We support women and girls in war and crisis zones
22. August 2023 - News

Women in Afghanistan: Solidarity, encouragement and motivation

The messages of solidarity for Afghan women arrived safely. And their responses are touching: They exude despair, but also courage and hope. Two years after the Taliban took power, the situation for women and girls in Afghanistan is a disaster. But solidarity can foster connection.

Screenshots of messenger chats showing a lot of hearts and crying emojis.
Love and sadness are often found close together – as in the reactions to the messages of solidarity

“As Afghan women, we want our freedom back.”

“Being a woman in a country like Afghanistan is like being a prisoner. Living in this country is worse than death. Thank you for listening to us.”

Afghan women

The desperation of the women is tangible. The messages we have received from Afghan women and girls in response to our solidarity action are full of gratitude. However, a deep sadness can also be felt. For the past two years, they have not been able to exercise many of their rights: they cannot work, they cannot attend secondary school or university, they cannot go out in public without a male escort.

“My daughter is in her first year of school. I would love her to be able to fulfil her wish of completing school and becoming a doctor.”

Afghan woman

Since the Taliban took power in Afghanistan two years ago, the situation for women and girls in the country has deteriorated dramatically. Increasing numbers of prohibitions mean that women and girls are disappearing out of everyday view.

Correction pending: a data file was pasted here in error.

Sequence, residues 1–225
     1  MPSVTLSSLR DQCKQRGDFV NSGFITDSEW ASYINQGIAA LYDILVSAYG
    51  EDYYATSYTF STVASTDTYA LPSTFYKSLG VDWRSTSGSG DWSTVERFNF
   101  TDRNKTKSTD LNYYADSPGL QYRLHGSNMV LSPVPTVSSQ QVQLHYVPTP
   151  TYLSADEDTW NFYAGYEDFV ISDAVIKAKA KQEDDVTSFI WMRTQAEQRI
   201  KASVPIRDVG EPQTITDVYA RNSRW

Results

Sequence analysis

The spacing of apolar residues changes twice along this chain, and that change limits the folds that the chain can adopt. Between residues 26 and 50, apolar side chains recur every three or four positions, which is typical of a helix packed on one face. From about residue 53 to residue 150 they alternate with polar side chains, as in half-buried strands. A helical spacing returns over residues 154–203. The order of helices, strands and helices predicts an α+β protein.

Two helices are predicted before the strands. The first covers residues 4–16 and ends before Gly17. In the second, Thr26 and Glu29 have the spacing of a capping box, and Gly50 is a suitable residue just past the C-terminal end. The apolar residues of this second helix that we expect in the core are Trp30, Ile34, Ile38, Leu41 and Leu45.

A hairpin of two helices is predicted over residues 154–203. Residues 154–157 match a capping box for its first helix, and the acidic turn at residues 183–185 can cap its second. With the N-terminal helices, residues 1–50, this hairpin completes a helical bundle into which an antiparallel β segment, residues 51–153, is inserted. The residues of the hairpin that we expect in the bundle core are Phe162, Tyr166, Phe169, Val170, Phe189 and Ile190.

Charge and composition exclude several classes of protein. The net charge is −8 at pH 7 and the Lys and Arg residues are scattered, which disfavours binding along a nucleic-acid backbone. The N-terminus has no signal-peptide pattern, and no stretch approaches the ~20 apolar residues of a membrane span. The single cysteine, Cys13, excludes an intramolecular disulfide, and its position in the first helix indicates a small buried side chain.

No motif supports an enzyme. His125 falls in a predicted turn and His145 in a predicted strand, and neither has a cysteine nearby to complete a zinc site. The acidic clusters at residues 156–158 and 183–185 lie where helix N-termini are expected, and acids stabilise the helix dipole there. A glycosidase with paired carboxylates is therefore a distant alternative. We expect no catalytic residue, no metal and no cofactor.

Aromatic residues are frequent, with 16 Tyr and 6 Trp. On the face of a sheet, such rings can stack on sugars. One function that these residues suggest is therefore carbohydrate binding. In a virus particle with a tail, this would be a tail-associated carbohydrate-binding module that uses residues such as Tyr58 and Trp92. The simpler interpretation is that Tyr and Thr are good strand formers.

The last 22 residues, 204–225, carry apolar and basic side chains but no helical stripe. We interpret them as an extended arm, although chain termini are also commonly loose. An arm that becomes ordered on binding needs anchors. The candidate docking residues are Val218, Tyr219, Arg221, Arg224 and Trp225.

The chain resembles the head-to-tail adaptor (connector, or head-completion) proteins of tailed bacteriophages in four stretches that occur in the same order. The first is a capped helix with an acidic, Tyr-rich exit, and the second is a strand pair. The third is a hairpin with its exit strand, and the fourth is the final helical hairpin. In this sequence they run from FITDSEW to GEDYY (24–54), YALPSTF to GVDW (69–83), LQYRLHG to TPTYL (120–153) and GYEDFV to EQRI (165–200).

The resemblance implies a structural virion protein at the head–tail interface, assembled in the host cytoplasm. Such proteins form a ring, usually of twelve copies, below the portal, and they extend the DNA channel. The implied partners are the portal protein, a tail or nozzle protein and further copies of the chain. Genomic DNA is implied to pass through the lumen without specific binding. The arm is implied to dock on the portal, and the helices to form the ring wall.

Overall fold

Solidarity from Germany

To mark this second anniversary, hundreds of people demonstrated their solidarity by sending postcards and emails with words of encouragement and appreciation for the Afghan women and girls. For some women, these messages were an important sign that they are still being seen.

“These words give us courage and motivation. Thank you from the depths of my heart.”

Afghan girl, 16 years old

“For me, the messages of solidarity are very important at this time because my experiences in Afghanistan are very bad. We need a hug, endless support, and kindness from all over the world.”

Saina Hamidi, Afghan women’s rights activist in Germany

“The messages of solidarity make me strong. When I read them, I could sense how I was not alone, and that a lot of people were thinking about me.”

Basira Akbarzada, Afghan women’s rights activist in Germany

For Saina Hamidi and Basira Akbarzada, our former colleagues at Medica Afghanistan, the messages convey support and hope. Because one thing is clear: Even if solidarity itself does not produce change immediately or directly – it is still important.

“We are supporting women’s rights organizations in Afghanistan, we are raising political demands with the German government, we draw media attention to the country, we have helped many colleagues to leave Afghanistan and supported them after their arrival in Germany. We want Afghan women to be heard and to enable them to reach across national borders. This is all part of our solidarity.”

Sybille Fezer, Executive Member of the Board for Programmes and Strategies

Or as the responses put it:

“Thank you all for the compassion and the messages of solidarity. Thank you for fighting tirelessly in the hope that no woman in any corner of the world will be deprived of her rights and freedoms under any circumstances.”

“We will continue to fight for our rights. We will never give up and never lose hope. I will stand up courageously against oppression and violence. And I hope you will support us until we can get out of this prison.”